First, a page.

Germany is obsessed with its own shortcomings
Berlin Letter: There is an endless German appetite for critical comment from outsiders
Waiting passengers of Deutsche Bahn reflected in the window of a train at a Munich station. If everyone sat wherever they liked, even on an empty train, where would that leave us? Photograph: Johannes Simon/Getty Images
If you want to watch what makes Germans tick, buy a ticket for a high-speed train and observe what happens when a crowd of passengers board at once. Like musical chairs, but on wheels and without music, wound-up strangers squeeze past each other, battling over too few seats for too few people.
Unlike in Ireland there is no muttered chorus of “sorry” but surly silence as the air crackles with enough tension to power the electric train they’ve just boarded. This Teutonic tension returns when passengers stand up in the aisle, 15 minutes before their destination, in case something untoward happens when the train reaches the station and they fail to reach the door, 10 metres away.
Even if the compartment is empty, and you happen to find yourself in an (often unmarked) reserved seat, Müller’s Law of German rail travel means you can count on being asked to move by the only other passenger who has reserved precisely this seat. Because if everyone sat wherever they liked, even on an empty train, where would that leave us?
Every country has its foibles, and most are obsessed by what others think of them – to a point. But I have yet to meet a people with a capacity to suck it up like the Germans.
Last week the Frankfurter Allgemeine daily was the latest to consider “What is German?” – a question that it suggested was, in itself, typically German. The newspaper joked that only Germans could manage to be both skilled engineers and insufferably romantic, and dogmatic while indecisive.
A final observation by the (German) author was the intriguing – and not entirely untrue – assertion that “not wanting to be German is very German”.
In the last years I have become a regulator contributor on two German radio stations, giving my five cents on life here. It’s a gift that keeps on giving, not least in contributor fees, where I show up and dish out a few Germanecdotes.
One programme is the weekly Europamagazin of WDR5 radio, based in Cologne, where a group of foreign correspondents are invited on in rotation to give their outsider’s perspective on current affairs.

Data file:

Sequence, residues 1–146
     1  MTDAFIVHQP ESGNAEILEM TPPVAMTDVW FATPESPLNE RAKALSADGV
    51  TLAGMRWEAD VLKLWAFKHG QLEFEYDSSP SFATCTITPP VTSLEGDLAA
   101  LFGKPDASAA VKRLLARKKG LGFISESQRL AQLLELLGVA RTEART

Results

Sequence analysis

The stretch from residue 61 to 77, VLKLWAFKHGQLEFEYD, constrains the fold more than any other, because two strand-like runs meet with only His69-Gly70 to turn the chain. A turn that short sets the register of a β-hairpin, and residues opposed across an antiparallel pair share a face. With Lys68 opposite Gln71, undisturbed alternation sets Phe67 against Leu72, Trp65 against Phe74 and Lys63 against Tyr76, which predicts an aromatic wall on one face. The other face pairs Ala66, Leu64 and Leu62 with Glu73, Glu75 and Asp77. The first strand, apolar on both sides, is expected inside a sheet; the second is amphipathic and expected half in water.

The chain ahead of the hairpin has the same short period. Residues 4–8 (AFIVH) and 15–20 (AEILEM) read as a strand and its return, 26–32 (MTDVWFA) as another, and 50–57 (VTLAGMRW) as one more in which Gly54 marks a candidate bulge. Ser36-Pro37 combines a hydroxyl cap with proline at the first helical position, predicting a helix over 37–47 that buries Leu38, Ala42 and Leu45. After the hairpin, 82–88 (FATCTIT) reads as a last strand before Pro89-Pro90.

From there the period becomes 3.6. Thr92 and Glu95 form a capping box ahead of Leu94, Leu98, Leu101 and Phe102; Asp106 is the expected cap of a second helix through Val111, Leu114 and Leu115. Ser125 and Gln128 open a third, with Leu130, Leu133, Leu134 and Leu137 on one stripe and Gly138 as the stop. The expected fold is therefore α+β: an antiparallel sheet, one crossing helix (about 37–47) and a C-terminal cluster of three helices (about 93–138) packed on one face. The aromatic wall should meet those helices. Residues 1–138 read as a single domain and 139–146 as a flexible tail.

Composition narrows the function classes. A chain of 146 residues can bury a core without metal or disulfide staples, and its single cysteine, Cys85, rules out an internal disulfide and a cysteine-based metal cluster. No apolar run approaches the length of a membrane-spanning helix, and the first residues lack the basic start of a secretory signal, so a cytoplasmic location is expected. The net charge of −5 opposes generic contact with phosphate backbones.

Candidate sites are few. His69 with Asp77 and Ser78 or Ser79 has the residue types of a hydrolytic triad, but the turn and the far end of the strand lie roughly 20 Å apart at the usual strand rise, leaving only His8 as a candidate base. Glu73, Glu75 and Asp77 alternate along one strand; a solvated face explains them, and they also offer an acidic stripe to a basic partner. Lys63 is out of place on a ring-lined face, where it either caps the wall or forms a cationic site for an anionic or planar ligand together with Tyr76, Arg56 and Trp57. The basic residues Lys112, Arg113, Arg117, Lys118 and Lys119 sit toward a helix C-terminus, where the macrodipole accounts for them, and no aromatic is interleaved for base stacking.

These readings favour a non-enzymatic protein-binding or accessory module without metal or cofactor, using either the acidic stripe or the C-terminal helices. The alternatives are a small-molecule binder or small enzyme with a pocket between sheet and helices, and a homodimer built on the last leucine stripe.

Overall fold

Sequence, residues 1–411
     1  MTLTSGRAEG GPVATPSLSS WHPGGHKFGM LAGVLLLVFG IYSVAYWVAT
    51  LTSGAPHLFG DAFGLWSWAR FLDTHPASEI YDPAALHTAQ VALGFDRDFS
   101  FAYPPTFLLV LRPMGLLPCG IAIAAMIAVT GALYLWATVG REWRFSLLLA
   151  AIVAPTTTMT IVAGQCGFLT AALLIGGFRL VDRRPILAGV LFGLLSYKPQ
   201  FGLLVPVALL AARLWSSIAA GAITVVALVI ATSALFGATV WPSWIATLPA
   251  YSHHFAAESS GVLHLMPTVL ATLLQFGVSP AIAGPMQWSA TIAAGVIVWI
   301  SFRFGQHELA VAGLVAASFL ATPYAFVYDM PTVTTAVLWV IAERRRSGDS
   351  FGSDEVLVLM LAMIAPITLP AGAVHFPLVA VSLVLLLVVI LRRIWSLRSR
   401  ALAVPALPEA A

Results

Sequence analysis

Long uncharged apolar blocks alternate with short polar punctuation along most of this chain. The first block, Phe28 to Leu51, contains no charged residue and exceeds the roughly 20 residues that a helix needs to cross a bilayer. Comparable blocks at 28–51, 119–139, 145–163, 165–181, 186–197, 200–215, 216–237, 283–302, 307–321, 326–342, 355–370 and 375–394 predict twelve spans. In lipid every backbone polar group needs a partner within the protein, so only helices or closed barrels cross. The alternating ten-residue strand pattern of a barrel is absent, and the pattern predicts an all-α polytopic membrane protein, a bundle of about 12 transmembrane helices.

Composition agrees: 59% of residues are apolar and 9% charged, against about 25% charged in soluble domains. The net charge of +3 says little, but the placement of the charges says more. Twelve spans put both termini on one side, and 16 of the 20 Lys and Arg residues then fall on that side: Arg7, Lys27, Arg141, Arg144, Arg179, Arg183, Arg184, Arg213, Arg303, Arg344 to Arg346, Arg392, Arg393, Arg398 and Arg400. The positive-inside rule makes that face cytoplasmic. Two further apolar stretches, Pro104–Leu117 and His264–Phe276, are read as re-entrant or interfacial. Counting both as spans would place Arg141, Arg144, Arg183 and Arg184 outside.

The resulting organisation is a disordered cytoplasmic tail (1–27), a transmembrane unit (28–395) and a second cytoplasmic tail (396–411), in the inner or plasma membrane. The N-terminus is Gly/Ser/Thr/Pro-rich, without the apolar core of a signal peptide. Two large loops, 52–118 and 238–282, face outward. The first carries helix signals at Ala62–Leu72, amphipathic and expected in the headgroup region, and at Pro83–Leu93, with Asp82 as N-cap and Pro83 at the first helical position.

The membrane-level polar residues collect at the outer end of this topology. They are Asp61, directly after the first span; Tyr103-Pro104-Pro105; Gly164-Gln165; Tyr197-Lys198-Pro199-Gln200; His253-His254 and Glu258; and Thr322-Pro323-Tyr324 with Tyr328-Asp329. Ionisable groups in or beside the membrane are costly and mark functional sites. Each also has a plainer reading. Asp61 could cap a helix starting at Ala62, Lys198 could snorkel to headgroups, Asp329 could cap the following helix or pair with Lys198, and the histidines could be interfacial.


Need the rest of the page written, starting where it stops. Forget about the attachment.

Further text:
The other radio programme is Typisch Deutsch, a long-running programme for the nationwide station Deutschlandfunk Kultur. Here foreign correspondents are asked to talk about our experiences of life in Germany: bread, holidays, public nudity.
In Ireland, the risk that someone will take criticism personally means most learn to keep their mouths shut
What both programmes have made me realise is that what you notice about your adoptive home says as much about you as the natives. German punctuality is one popular topic, the low level of public swearing is another and a third is Rechthaberei – the need of many Germans to be right, at all costs.
An everyday example of this is the angry German cyclist or motorist who would rather crash into a pedestrian – or, indeed, each other – to prove that they were in the right and the other in the wrong.
Another evergreen on the “Typisch Deutsch” programme is Germans’ notorious directness. Many Irish people consider Germans staggeringly rude, without reflecting on how politeness and rudeness are subjective, elastic social norms.
Live outside Ireland for a few years and you soon realise how the Irish, alongside the Swiss, are perhaps Europe’s outliers in indirectness. In the German cultural context, calling a stranger and not getting to the point of why you are on the line – Irish-style – is considered a waste of the person’s time and thus just as rude.
Afraid of being rude, I find myself asking the presenter after almost every recording if I was perhaps a little overly critical. Nein nein, is always the answer, our listeners love critical.
There is, it seems, an endless appetite in Germany for critical comment from outsiders, without ever snapping back: “Well, if you hate it here so much . . . ”
It is a typically German characteristic, if such a thing exists in a sprawling, diverse country like this, to take on board others’ opinions and to separate impersonal and personal criticism.
In Ireland, the risk that someone will take criticism personally means that many people, to spare the aggravation, learn to keep their mouths shut. They may complain later – about the taxi driver, the restaurant, the friend – to someone else who has nothing to do with the situation and can do nothing to help improve matters.
Not so here: people expect to give and take feedback, even the critical kind. It may be eye-wateringly direct but, instead of getting the hump, people have learned to go away and think about whether or not the criticism was justified.
Perhaps the most “Typisch Deutsch” characteristics are a crippling insecurity over what is typically German coupled with a quiet confidence that, as a German, there is always room for improvement.